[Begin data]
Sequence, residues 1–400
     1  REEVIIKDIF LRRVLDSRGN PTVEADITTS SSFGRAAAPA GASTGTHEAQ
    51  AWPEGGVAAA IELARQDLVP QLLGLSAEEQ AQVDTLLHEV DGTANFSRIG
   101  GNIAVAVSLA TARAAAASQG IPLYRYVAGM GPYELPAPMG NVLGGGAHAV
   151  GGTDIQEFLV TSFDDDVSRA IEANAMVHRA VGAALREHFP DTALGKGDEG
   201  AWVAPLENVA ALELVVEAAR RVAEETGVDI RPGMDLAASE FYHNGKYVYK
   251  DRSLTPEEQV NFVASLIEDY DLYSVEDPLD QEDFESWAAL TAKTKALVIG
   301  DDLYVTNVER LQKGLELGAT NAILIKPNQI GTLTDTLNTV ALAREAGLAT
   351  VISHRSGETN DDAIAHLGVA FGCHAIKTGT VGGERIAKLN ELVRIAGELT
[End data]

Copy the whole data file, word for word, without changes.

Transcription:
Sequence, residues 1–400
     1  REEVIIKDIF LRRVLDSRGN PTVEADITTS SSFGRAAAPA GASTGTHEAQ
    51  AWPEGGVAAA IELARQDLVP QLLGLSAEEQ AQVDTLLHEV DGTANFSRIG
   101  GNIAVAVSLA TARAAAASQG IPLYRYVAGM GPYELPAPMG NVLGGGAHAV
   151  GGTDIQEFLV TSFDDDVSRA IEANAMVHRA VGAALREHFP DTALGKGDEG
   201  AWVAPLENVA ALELVVEAAR RVAEETGVDI RPGMDLAASE FYHNGKYVYK
   251  DRSLTPEEQV NFVASLIEDY DLYSVEDPLD QEDFESWAAL TAKTKALVIG
   301  DDLYVTNVER LQKGLELGAT NAILIKPNQI GTLTDTLNTV ALAREAGLAT
   351  VISHRSGETN DDAIAHLGVA FGCHAIKTGT VGGERIAKLN ELVRIAGELT